Methods and Data

This analysis provides estimated projections of the future prevalence and cost of vision loss and eye disorders in the United States. The baseline year is 2014, with annual projections through year 2050. We use a prevalence-based approach whereby we assign future prevalence on the basis of current per-capita prevalence, adjusted for projected population change and changes in cost and medical cost inflation. The projections in this analysis are based on three primary data sources:

  1. The Vision Problems in the US database
  2. The Cost of Vision Problems: The Economic Burden of Vision Loss and Eye Disorders in the United States
  3. U.S. Census Bureau population projections

The Vision Problems database was released at the first national Focus on Eye Health National Summit in 2012.[1] This database updates prior meta-analyses of multiple population-based studies measuring the prevalence of major eye disorders and vision loss.[7-13] The database provides an online tool to report the prevalence rate or prevalent population in the United States with each of eight disorders.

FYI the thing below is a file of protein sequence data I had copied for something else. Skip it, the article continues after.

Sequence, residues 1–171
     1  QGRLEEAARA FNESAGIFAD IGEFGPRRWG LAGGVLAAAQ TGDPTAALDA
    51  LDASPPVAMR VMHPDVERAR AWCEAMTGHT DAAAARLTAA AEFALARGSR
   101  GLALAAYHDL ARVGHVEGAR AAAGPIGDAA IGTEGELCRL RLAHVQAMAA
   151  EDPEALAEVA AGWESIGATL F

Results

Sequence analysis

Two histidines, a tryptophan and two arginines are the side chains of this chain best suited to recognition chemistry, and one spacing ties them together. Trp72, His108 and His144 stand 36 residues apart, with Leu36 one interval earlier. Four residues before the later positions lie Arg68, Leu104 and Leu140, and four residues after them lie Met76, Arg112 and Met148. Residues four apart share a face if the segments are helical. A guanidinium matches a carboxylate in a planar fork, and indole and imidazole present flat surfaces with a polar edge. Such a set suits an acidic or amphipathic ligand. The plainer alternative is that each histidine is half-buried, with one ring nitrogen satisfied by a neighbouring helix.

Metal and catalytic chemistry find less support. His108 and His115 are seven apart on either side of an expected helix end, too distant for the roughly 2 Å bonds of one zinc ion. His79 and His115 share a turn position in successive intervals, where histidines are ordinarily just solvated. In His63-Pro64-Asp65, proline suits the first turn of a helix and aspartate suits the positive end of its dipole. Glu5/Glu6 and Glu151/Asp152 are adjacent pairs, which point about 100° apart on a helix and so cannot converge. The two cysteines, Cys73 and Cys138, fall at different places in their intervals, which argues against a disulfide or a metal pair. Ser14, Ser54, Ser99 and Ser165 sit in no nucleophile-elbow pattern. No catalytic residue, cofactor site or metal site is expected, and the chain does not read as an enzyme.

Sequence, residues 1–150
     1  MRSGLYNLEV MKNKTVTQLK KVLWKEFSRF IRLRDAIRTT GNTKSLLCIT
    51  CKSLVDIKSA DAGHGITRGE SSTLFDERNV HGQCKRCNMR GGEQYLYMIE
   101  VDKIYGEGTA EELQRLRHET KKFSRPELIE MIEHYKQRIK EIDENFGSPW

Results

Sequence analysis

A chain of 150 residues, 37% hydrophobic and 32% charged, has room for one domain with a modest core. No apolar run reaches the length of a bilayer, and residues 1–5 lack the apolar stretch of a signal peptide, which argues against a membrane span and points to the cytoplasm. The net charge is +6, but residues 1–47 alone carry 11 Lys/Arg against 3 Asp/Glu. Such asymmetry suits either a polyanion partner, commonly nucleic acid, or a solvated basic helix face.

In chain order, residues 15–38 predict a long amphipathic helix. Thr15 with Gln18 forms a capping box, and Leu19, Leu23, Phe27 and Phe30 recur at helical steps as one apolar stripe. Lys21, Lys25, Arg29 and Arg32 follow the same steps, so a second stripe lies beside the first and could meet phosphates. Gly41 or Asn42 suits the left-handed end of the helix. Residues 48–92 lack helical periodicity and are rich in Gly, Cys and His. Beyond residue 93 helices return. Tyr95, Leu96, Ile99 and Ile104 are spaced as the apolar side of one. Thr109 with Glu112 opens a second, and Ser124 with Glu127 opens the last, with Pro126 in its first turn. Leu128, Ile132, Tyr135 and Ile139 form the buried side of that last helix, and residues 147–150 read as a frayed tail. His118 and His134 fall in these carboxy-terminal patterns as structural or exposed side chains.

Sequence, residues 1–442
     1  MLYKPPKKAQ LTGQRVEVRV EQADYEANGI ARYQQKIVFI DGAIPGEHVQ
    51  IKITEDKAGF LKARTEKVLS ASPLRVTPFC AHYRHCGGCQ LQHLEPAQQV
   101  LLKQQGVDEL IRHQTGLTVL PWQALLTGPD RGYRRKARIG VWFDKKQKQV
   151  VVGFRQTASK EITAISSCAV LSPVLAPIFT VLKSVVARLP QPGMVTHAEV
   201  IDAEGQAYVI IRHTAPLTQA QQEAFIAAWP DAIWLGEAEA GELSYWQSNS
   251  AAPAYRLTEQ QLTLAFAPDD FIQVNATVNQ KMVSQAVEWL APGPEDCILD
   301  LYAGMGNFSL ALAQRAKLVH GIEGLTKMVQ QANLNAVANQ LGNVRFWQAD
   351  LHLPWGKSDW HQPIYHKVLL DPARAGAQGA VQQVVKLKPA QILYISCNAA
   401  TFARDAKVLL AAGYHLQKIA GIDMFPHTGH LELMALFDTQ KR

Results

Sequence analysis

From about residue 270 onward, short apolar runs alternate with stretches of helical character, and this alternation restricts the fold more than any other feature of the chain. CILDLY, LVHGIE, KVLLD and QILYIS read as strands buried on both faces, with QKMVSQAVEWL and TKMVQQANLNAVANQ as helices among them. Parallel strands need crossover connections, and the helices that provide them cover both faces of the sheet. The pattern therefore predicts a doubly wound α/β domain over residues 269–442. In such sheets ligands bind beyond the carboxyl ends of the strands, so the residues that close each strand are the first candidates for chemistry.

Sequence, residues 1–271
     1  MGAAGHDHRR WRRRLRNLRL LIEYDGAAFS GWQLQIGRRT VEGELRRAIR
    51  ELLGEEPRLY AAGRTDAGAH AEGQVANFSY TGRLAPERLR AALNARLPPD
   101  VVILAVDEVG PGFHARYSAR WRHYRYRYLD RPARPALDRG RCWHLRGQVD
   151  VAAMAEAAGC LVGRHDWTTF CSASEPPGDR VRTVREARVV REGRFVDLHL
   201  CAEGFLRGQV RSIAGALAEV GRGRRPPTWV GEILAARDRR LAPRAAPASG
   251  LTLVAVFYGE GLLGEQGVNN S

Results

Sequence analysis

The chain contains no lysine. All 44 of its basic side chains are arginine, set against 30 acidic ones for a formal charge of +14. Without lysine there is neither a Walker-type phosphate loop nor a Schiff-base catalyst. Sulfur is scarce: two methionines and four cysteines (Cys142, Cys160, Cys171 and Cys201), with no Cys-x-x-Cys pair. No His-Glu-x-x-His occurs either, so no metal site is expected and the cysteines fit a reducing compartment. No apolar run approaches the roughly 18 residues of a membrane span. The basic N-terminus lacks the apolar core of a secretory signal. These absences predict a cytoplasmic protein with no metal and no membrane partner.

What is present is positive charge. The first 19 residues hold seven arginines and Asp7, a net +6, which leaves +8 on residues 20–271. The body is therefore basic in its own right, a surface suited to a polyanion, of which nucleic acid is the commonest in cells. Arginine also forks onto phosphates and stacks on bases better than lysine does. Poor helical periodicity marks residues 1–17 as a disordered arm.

The second annual Eye Summit saw the release of the Cost of Vision Problems report.[2] For the first time, the economic burden of vision loss and eye disorders was estimated for the entire US population. We found the total cost to be $139 billion based on the 2011 US population in 2013 dollars. This report serves as both the latest but most comprehensive accounting for the economic and quality of life impact of vision loss available.

This analysis builds off both the Vision Problems database and the Cost of Vision report by using US Census population projections to forecast the future prevalence of disorders included in the Vision Problems database, and the future costs included in the Cost of Vision report.[1, 2, 14]